The distribution of what people are describing as “extreme propaganda” and religious rhetoric is causing some concerns around the country, including Tauranga.
One mother is horrified children are being used to deliver stacks of the National Sunday Law.
The book by A Jan Marcussen is connected with an independent group of the Seventh-Day Adventist Church and is not endorsed by the New Zealand church.
It alleges impending laws limiting religious freedom are being enacted by the United States Government, and attacks the Catholic Church.
Rivas Herrera is disgusted distribution company Ovato expected her 11-year-old daughter and other children to deliver material that contained what she called “a conspiracy theory” and “extreme propaganda”.
”It’s one thing to hand out supermarket flyers, but it’s another thing to be spreading around the messages in here,” says Rivas Herrera.
The books arrived with material including advertising for fast food chains, healthcare providers and liquor stores.
Some were also delivered with copies of The Weekend Sun in Tauranga.
Sun Media director Claire Rogers says the material has nothing to do with the Sun.
She says books were delivered alongside The Weekend Sun unbeknown to her or any other members of staff.
A Tauranga resident has also been in touch with SunLive to raise concerns about this sort of material being delivered in a time of high anxiety.
“I'm used to getting all sorts of junk circulars from liquor stores to real estate agents boasting how great their sales capabilities are,” says the woman who does not want to be named.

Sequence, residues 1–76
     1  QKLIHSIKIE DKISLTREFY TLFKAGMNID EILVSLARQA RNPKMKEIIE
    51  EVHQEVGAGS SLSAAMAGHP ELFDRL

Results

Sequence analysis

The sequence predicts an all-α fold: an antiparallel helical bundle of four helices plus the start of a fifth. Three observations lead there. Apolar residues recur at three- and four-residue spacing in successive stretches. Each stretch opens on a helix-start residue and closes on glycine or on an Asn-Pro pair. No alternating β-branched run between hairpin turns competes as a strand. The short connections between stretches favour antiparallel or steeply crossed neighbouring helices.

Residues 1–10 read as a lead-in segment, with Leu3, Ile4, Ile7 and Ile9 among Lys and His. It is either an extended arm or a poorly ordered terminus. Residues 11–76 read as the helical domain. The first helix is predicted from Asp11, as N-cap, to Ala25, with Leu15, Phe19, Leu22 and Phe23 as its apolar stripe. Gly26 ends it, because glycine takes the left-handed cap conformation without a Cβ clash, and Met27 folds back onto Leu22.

“I'm not offended at the "religious" character of the pamphlet. I don't care about religious flavours.
“But I find it offensive to distribute religious, fear-mongering propaganda at a time when many people are in a vulnerable state of mind because of Covid.
“Anxiety, alcohol and other substance abuse are already on the rise as coping mechanisms.
“We don't really need any religious doom-and-gloom pamphlets to make things even worse for those who happen to read this stuff.”
Stuff reports that distribution company Ovato were contacted for comment, but the company has not responded.
The books are published by an organisation called the NSL Project, reports Stuff.
Stuff called a number listed in the book which was answered by a man who identified himself only as Brent.
He says 1.5 million copies of the 94-page paperback had been printed and distributed in New Zealand.
He declined to comment further.
Seventh-Day Adventist Church in New Zealand North Island lead pastor Bob Larsen says the book was not endorsed by the church.
“The [church] had no involvement in the publication or distribution of the book ... The church does not endorse or recommend this book.”